With the horrific news coming out of San Bernadino, California, we often get questions at our clinic from parents about whether they should talk with their children about tragedies like this. Here are some recommendations and suggestions from the National Child Traumatic Stress Network on what you can do as a parent:
Start the conversation. Talk about the shooting with your child. Not talking about it can make the event even more threatening in your child’s mind. Silence suggests that what has occurred is too horrible even to speak about or that you do not know what has happened. With social media (e.g., Facebook, Twitter, text messages, newsbreaks on favorite radio and TV stations, and others), it is highly unlikely that children and teenagers have not heard about this. Chances are your child has heard about it, too.
What does your child already know? Start by asking what your child/teen already has heard about the events from the media and from friends. Listen carefully; try to figure out what he or she knows or believes. As your child explains, listen for misinformation, misconceptions, and underlying fears or concerns. Understand that this information will change as more facts about the shooting are known.
Gently correct inaccurate information. If your child/teen has inaccurate information or misconceptions, take time to provide the correct information in simple, clear, ageappropriate language.
Encourage your child to ask questions, and answer those questions directly. Your child/teen may have some difficult questions about the incident. For example, she may ask if it is possible that it could happen at your workplace; she is probably really asking whether it is “likely.” The concern about re-occurrence will be an issue for caregivers and children/teens alike. While it is important to discuss the likelihood of this risk, she is also asking if she is safe. This may be a time to review plans your family has for keeping safe in the event of any crisis situation. Do give any information you have on the help and support the victims and their families are receiving. Like adults, children/teens are better able to cope with a difficult situation when they have the facts about it. Having question-and-answer talks gives your child ongoing support as he or she begins to cope with the range of emotions stirred up by this tragedy.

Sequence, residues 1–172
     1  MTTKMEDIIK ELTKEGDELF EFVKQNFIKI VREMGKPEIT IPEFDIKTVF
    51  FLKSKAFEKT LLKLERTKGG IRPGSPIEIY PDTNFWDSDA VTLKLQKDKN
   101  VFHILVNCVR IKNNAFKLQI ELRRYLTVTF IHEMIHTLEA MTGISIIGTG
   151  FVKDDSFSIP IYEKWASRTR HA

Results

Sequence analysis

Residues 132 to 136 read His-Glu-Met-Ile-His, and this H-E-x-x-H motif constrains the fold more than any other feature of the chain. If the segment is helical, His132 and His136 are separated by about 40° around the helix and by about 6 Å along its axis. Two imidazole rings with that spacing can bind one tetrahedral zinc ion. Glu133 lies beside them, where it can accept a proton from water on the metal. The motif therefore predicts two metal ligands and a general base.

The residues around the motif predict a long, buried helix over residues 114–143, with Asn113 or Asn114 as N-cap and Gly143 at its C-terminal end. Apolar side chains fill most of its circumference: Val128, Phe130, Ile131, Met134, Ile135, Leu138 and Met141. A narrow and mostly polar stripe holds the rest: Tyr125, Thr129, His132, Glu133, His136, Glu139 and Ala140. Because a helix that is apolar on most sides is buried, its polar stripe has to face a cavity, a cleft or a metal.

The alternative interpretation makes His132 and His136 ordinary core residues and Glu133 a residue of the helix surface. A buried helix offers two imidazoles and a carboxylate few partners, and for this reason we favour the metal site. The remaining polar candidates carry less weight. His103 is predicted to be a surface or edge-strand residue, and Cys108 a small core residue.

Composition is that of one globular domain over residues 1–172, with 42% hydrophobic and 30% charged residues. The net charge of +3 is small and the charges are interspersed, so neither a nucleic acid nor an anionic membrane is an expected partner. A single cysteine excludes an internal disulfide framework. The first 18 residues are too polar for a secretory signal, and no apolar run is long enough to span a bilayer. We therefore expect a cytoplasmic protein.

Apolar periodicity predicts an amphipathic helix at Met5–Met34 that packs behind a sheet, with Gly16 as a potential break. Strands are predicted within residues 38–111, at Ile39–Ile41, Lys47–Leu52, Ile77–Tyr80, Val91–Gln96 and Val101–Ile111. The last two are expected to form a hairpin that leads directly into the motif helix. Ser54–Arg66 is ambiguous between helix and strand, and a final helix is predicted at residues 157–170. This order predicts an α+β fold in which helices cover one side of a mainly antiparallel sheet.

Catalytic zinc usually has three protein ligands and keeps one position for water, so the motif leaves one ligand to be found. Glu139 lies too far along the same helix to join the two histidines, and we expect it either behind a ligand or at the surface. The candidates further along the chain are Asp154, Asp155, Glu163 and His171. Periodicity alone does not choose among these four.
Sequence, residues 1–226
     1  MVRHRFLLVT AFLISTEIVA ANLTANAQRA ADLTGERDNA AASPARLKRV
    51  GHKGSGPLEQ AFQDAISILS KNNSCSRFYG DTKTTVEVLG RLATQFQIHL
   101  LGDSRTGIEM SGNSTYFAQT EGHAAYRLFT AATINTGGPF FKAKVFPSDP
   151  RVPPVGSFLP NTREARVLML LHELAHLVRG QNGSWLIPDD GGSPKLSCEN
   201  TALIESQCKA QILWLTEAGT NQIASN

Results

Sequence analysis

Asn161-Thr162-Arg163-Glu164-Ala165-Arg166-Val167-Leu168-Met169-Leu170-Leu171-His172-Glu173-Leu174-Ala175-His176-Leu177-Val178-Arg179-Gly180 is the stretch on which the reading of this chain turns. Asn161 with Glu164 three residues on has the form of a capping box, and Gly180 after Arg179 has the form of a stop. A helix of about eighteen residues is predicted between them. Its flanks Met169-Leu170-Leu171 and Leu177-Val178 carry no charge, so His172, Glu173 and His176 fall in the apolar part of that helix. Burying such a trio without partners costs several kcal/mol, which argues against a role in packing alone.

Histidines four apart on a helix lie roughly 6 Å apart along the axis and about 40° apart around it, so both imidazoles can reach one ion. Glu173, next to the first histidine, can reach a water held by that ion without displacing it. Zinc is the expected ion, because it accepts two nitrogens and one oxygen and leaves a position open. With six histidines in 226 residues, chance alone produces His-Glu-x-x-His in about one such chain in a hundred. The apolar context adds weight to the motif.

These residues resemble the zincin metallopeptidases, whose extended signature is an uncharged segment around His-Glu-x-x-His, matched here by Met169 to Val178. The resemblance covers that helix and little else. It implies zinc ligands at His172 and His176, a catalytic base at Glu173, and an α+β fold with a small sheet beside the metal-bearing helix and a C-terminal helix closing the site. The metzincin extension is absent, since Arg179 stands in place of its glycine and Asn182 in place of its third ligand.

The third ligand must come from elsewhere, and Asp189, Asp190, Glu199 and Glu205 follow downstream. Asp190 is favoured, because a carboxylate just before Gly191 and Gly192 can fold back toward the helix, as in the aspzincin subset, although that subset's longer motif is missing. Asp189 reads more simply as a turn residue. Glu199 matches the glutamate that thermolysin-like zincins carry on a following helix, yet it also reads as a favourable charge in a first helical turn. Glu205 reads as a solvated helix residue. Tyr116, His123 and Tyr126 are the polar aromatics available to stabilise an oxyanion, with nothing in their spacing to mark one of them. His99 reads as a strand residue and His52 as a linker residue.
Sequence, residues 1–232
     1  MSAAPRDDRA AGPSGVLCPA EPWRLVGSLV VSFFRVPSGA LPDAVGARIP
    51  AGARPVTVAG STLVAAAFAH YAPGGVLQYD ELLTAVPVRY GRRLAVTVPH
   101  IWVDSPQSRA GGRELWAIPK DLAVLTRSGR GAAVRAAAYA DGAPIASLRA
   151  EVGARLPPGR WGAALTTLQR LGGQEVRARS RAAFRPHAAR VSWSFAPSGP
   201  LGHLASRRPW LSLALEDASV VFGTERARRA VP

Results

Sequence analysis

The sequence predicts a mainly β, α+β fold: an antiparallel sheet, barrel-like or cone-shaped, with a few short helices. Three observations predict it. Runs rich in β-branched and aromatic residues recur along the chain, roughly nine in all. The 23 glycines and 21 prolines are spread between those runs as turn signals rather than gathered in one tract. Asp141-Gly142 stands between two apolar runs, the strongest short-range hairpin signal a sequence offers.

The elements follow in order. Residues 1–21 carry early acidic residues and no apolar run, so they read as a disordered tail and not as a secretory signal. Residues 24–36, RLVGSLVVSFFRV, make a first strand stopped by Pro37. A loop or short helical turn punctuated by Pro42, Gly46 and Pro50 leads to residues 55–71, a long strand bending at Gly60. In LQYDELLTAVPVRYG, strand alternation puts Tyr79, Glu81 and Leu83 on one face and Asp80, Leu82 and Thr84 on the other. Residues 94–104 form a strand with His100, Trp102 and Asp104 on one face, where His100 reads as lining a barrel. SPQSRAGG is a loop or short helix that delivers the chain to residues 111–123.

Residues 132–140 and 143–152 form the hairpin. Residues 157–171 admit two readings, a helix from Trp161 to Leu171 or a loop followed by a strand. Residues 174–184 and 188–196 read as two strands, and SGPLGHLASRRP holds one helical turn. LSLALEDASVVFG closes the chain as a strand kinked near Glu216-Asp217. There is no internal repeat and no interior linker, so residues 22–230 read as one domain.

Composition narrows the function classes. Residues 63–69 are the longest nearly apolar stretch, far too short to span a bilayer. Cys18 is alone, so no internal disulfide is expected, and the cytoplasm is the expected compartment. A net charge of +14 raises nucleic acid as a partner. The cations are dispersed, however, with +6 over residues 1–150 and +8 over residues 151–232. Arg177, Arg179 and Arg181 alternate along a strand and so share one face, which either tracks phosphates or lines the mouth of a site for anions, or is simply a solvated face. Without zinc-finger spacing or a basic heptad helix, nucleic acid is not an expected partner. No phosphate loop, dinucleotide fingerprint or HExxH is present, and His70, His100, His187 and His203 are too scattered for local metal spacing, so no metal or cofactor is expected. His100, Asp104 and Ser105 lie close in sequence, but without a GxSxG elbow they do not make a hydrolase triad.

Limit media exposure. Limit your child’s exposure to media images and sounds of the shooting, and do not allow your very young children to see or hear any TV/radio shooting related messages. Even if they appear to be engrossed in play, children often are aware of what you are watching on TV or listening to on the radio. What may not be upsetting to an adult may be very upsetting and confusing for a child. Limit your own exposure as well. Adults may become more distressed with nonstop exposure to media coverage of this shooting.
Extra help is available. Should reactions continue or at any point interfere with your children’s/teens’ abilities to function or if you are worried, contact local mental health professionals who have expertise in trauma. Contact your family physician, pediatrician, or state mental health associations for referrals to such experts.
For more information and resources to support your kids during times of tragedy, visit nctsn.org.
Craig Rens is the Director of Solutions Counseling Services in St. Michael, MN. Solutions Counseling has 18 licensed clinicians providing individual, couples, and family therapy for all ages. For more information on Solutions Counseling Services, visit GetCounseling.org.